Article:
DALLAS — More than 75 members of the Dallas-area Muslim community held a candlelight vigil Saturday night in honor of Ambassador Chris Stevens and the other Americans killed earlier this week during an attack at the U.S. Consulate in Benghazi, Libya.
Organizers of the vigil said the acts of a few Muslims are horrific, and do not represent them and their religion.
"This is not Islam; this is not who we are," said Muslim-American Zainah Asfoor. "We are against violence."
Abdullah Shawky, who helped organize the event, agreed. "Revenge and retaliation are not any attributes that are associated with any religion that I know of — especially Islam," he said, adding: "This crowd may be small, but the message is larger than this crowd."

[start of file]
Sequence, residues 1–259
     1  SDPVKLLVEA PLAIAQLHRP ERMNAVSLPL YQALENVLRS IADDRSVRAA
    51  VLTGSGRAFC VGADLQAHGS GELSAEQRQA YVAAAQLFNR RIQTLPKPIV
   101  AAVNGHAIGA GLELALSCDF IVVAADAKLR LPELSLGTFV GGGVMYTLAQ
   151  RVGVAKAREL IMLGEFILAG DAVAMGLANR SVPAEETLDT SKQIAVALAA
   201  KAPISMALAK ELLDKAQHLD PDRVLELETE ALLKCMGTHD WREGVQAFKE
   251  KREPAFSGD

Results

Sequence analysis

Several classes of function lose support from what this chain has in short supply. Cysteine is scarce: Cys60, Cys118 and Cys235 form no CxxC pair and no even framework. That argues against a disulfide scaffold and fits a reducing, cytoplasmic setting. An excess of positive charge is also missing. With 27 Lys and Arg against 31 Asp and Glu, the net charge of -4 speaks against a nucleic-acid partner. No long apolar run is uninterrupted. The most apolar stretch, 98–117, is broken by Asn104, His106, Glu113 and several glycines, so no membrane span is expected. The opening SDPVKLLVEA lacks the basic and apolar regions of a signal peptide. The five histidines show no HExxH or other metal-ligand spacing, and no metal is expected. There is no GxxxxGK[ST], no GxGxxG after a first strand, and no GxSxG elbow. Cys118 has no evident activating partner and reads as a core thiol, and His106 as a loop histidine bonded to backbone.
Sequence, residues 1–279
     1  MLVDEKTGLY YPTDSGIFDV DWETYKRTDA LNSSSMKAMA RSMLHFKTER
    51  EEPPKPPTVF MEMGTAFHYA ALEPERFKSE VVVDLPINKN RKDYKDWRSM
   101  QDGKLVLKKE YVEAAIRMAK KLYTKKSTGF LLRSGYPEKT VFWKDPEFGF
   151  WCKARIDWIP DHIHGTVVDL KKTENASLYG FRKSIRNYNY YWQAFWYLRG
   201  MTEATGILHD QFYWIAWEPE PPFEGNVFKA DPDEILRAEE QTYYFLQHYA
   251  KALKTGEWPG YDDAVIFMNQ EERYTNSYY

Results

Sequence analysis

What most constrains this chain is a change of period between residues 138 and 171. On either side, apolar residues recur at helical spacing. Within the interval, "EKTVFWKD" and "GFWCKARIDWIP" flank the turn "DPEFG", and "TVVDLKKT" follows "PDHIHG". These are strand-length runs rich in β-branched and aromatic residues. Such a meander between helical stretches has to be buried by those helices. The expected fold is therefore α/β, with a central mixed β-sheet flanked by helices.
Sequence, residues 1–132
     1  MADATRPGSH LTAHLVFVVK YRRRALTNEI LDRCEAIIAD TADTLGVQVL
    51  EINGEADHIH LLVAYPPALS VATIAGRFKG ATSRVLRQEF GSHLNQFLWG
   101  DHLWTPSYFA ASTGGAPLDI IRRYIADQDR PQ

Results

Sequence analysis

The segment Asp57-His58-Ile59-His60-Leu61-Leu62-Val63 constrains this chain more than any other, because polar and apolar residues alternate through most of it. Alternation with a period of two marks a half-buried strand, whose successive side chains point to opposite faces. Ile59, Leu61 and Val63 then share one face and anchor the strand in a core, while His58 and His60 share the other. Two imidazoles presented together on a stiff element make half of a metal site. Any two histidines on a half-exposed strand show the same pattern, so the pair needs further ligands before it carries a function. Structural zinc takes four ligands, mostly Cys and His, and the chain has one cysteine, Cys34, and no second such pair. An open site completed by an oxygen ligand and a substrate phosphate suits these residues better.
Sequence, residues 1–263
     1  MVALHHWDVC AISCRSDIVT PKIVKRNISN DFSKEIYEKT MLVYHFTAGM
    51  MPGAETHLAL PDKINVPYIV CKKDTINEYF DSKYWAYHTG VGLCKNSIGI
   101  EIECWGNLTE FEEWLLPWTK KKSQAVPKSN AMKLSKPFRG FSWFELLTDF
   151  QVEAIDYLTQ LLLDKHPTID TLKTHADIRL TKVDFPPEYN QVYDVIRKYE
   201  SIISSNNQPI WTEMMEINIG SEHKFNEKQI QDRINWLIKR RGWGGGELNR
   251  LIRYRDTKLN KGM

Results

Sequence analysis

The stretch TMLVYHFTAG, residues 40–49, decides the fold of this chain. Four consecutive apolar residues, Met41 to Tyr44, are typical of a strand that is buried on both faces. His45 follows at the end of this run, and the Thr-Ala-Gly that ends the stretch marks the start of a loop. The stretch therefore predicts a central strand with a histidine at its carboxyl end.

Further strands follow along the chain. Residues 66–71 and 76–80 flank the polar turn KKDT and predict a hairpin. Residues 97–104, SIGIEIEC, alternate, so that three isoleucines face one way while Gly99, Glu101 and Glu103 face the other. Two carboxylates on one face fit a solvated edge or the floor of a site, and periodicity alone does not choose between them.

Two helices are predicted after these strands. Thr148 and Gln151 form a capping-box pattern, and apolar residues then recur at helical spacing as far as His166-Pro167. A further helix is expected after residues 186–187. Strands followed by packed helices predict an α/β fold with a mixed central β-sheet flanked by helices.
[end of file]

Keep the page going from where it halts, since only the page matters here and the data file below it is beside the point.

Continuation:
While participants agreed that the 14-minute film that touched off the worldwide protests is offensive to Muslims, they said igniting mob violence against U.S. embassies in the Middle East and around the world is not the way of Islam.
Shawky said he believes misconceptions overseas led to unnecessary actions. "They understand we have freedom of speech, but not that freedom of speech comes with no attachments," he said.
The event took place at the Belo Garden across from the Earle Cabell Federal Building in downtown Dallas.